Aside from the stadium gigs, stand-up shows are still largely the preserve of pubs and other venues where drink is a big part of the night out. Do you think that inhibits young comedians from backgrounds that do not have "pub life" as part of their culture?

The stereotypical 'open-mic' night in a pub is more a barrier for audiences than performers. It's hard as a young Muslim comic to get your friends out to watch you perform is they're uncomfortable with the environment. I was fortunate in this regard as I had, and still have, a very supportive network of friends and family. I would also say that the emergence of 'Muslim-comedy nights' have made things a lot easier for people from stricter faiths to enjoy stand-up. But even there, it's very rare to see new comics come through. People like Salman Malik, Tez Illyas, Mani Liaqat...they've all been around for a long long time - for the new comic, it's tough to get noticed. But even then, we all live in the bubble of 'British-Pakistani comic'. I'm hoping Talk Roti To Me will help me break through that.

It would be nice to think that humour is universal, but one look at French or German TV shows that you don't have to go far before people laugh at very different things. You work a lot online - what impact will the globalisation of media have on comedy?

The advent of social media is helping people find others who share their taste. I think it's unfair to establish German comedy and French comedy as being entirely different. There may well be French audiences who enjoy what we consider a German sense of humour. It's like anything else, there are pockets of people in every country that have a similar sense of humour. The internet helps them all find each other and locate the style of comedy they enjoy. Mind you, as a comic who caters to different audiences, it's always tough to work out which videos will get the best response. My Bollywood parody music videos on YouTube get a better response from British people than South Asians. Maybe it's exotic to one and passé to the other, but either way, I find the audience I'm looking for.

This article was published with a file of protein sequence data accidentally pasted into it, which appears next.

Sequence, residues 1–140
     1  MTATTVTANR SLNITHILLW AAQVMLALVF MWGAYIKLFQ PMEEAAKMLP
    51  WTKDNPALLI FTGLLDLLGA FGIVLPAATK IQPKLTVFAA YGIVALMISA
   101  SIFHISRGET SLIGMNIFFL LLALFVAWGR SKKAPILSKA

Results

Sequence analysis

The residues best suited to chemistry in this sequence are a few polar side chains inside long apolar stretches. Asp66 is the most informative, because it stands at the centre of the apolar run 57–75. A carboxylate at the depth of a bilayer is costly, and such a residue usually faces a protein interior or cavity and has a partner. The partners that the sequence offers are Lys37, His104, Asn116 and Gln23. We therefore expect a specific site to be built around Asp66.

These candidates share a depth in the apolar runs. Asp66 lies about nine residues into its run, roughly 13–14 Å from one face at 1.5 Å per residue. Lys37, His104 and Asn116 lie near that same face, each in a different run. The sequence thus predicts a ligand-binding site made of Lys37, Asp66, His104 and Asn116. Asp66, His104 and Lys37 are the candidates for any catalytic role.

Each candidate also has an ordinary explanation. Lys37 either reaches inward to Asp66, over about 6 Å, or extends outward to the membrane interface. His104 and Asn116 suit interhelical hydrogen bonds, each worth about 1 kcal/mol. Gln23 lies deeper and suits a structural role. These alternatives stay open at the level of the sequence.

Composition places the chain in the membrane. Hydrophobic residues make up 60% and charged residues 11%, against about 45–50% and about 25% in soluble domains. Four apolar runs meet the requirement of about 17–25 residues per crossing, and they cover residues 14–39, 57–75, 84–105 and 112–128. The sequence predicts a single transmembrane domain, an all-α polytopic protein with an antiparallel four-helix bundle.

What's next for Aatif Nawaz?

I'm really hoping people will enjoy Talk Roti To Me. I'm spending a lot of time developing concepts and jokes that I hope will satisfy those who enjoy my humour. If it's a successful show and people enjoy it, I'd love to perform more dates at a theatre in London before the Brighton and Edinburgh Fringe festivals kick around again. Maybe I get signed to a big agent, start doing the panel shows, get my own sitcom and become a huge star. Maybe I get a pat on the back from my friends who'll compliment the lighting of the Leicester Square Theatre. Either way, I'm just hoping people enjoy the show as much as Ill enjoy performing it.



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From This Author Gary Naylor